In the future will all mortgage rates be negative?

Today I thought that I would look at some real world implications of the surge in bond markets which has led to lower and in more than a few cases ( Germany and Switzerland especially) negative bond yields. The first is that government’s can borrow very cheaply and in the case of the two countries I have mention are in fact being paid to borrow at any maturity you care to choose. This gets little publicity because government’s prefer to take the credit themselves. My country the UK is an extreme case of this as the various “think tanks” do all sorts of analysis of spending plans whilst completely ignoring this basic fact as if a media D-Notice has been issued. I would say that “think tank” is an oxymoron except in this instance I think you can take out the oxy bit.

Negative Mortgage Rates

Denmark

Back on the 29th of May we were already on the case.

Interest rates on Danish mortgage loans have fallen since 2008. From an average interest rate including administration fee of close to 6 per cent in 2008 to under 2.2 per cent in August 2018. This is the lowest level since the beginning of the statistics in 2003.

Back then we also observed this.

For one-year adjustable-rate mortgage bonds, Nykredit’s refinancing auctions resulted in a negative rate of 0.23%. The three-year rate was minus 0.28%, while the five-year rate was minus 0.04%.

As you can see at the wholesale or institutional level interest-rates had gone negative and the central bank the Nationalbanken had seen reductions in the fees added to these as well.

That was then but let us pick up the pace and move forwards to the 2nd of this month. Here is The Local in Denmark.

Mortgage provider Realkredit Danmark will next week start offering Denmark’s cheapest ever 30-year mortgage, with an interest rate of just 0.5 percent per year. The fixed-rate 30-year loan is the lowest interest mortgage ever seen in Denmark, and is likely to be matched by Realkredit competitor Nordea Kredit.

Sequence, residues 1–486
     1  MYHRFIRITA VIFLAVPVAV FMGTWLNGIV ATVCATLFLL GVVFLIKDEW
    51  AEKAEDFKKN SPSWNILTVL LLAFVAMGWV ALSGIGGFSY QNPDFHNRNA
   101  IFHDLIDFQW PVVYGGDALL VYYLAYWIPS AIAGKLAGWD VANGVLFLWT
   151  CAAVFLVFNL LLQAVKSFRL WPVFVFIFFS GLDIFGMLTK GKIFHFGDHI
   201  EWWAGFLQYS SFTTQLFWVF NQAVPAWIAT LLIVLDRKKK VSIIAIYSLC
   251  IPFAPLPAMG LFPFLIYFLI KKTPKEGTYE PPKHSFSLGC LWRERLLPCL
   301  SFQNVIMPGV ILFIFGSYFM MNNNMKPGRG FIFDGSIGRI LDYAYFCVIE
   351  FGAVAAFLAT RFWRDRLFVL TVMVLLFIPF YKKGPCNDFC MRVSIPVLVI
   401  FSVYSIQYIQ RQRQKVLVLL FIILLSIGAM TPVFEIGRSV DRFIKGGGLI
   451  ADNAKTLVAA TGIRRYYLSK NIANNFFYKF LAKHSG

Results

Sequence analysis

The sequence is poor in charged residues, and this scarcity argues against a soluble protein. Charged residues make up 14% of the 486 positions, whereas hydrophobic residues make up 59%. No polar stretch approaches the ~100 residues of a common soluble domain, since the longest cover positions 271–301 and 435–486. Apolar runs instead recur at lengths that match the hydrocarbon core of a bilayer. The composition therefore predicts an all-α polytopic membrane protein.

That implied negative mortgage rates at shorter maturities although we already knew that but this week things have taken a further step forwards or perhaps I should write backwards. From Bloomberg.

In the world’s biggest covered-bond market, a Danish bank says it’s now ready to sell 10-year mortgage-backed notes at a negative coupon for the first time.

It’s the latest record to be set in a world that’s being dragged down by ever lower interest rates. In Denmark, where Jyske Bank will offer 10-year mortgage bonds at a fixed rate of minus 0.5 per cent, average Danes will borrow at rates far lower than those at which the US government can sell its debt.

Since then things have taken a further step as Nordea has started offering some mortgage bonds for twenty years at 0%, So we have nice even 0.5% changes every ten years.

If we look at Finance Denmark it tells us that variable rate mortgage bonds are at -0.67% in Danish Kroner and -0.83% in Euro in the 31st week of this year with a noticeable 0.2% drop in Euro rates.

This is impacting on business as we see that the latest three months have seen over 30,000 mortgages a month taken out peaking at 39,668 in June. This compares to 16/17k over the same 3 months last year so quite a surge. If we switch to lending volumes then the Danish mortgage banks lent more than double ( 212 billion Kroner) in the second quarter of this year.